U.S. financial examiners’ guidelines underline increasing role of social networks
By Bora Yagiz, Compliance Complete
NEW YORK, Feb. 13 (Thomson Reuters Accelus) – The guidelines on social media proposed by bank regulators comprising the Federal Financial Institutions Examination Council (FFIEC) in January are intended as a basic tool to help financial institutions identify potential trouble areas and address them as part of an overall risk management program.
The council identified potential risks for financial institutions in the areas including deposit insurance, debt collection practices, use of payments systems, equal access for credit, and bank-secrecy anti-money laundering processes.
The council is an interagency body that coordinates principles, standards, and report forms used in the examinations of federally supervised financial institutions. It is composed of six regulatory agencies: the Office of the Comptroller of the Currency, the Federal Reserve Board, the Federal Deposit Insurance Corporation, the National Credit Union Administration, the Consumer Protection Bureau, and a State Liaison Committee.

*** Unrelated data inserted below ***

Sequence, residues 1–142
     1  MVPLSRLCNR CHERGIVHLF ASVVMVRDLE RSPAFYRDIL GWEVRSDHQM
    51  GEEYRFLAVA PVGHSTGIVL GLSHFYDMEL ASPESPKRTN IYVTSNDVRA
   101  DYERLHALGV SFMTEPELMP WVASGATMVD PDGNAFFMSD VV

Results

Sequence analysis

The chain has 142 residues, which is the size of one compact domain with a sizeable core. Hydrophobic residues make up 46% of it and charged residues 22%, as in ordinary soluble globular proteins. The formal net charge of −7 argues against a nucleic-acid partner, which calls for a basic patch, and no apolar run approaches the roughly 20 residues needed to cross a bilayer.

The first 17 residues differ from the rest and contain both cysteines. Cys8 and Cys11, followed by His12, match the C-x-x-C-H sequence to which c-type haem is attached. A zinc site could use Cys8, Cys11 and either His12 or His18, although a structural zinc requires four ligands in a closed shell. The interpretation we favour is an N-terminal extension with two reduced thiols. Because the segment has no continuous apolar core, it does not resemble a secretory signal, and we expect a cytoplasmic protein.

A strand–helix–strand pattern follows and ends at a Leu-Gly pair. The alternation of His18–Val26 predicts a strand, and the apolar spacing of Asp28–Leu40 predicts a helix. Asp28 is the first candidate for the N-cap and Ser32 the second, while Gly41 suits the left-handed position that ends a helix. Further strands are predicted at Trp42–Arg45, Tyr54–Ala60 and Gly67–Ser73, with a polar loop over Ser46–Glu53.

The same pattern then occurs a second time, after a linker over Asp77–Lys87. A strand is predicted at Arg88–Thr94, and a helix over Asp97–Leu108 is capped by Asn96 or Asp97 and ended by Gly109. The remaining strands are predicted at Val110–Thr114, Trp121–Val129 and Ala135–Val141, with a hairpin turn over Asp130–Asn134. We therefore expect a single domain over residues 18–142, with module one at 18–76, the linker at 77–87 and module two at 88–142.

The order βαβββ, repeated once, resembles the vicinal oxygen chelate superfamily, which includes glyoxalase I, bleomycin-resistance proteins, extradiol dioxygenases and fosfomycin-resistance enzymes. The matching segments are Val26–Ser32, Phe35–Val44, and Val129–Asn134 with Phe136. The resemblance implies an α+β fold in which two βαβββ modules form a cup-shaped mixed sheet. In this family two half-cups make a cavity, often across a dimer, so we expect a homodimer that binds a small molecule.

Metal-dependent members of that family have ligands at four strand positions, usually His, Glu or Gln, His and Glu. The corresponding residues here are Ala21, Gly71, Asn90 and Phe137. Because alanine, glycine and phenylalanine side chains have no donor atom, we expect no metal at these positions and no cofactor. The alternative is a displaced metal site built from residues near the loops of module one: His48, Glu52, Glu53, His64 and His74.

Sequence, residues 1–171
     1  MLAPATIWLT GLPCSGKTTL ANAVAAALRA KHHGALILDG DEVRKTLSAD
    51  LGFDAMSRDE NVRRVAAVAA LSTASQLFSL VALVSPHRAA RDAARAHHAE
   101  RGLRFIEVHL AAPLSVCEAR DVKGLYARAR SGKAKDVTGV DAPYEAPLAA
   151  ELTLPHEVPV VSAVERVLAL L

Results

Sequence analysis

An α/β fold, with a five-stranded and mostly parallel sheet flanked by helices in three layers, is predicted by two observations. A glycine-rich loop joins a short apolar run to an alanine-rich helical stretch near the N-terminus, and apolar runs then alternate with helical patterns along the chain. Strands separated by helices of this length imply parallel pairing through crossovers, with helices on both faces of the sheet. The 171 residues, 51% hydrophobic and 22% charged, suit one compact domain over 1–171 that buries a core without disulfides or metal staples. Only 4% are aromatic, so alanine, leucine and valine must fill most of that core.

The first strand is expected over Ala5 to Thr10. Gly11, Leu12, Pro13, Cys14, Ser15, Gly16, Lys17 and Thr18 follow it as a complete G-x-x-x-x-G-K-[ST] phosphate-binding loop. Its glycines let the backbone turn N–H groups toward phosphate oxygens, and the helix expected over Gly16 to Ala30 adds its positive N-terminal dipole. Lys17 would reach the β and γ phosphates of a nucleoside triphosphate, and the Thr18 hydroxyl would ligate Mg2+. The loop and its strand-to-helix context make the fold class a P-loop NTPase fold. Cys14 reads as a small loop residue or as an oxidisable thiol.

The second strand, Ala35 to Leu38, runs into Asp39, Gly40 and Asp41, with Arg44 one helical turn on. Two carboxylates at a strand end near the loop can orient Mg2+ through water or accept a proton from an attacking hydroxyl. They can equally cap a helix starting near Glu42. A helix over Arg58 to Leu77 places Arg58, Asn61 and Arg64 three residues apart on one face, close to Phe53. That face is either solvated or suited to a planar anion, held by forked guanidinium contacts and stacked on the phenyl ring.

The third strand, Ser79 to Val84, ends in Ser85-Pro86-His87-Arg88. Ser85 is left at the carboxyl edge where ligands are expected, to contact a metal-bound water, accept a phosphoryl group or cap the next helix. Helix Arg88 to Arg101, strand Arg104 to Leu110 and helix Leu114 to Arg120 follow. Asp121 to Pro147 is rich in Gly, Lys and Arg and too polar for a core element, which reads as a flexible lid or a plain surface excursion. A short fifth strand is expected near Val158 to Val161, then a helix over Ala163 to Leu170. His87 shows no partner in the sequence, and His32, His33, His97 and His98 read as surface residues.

Social media is loosely defined as Internet-based networking applications such as Facebook or Twitter, that allow for the creation and exchange of user-generated content. Increased use of such networks has been perceived as potentially posing reputational and operational risk to financial institutions, whose businesses are intimately linked to consumer confidence.
Taken on its face, banks will find little concrete advice in this 31-page document on how to align their risk management practices to be in compliance with their social media activities. Instead, the guidelines offer general advice, and urge that the principles should be respected over social media in the same manner as elsewhere. This vagueness, however, may be precisely where the guidelines’ strength lies.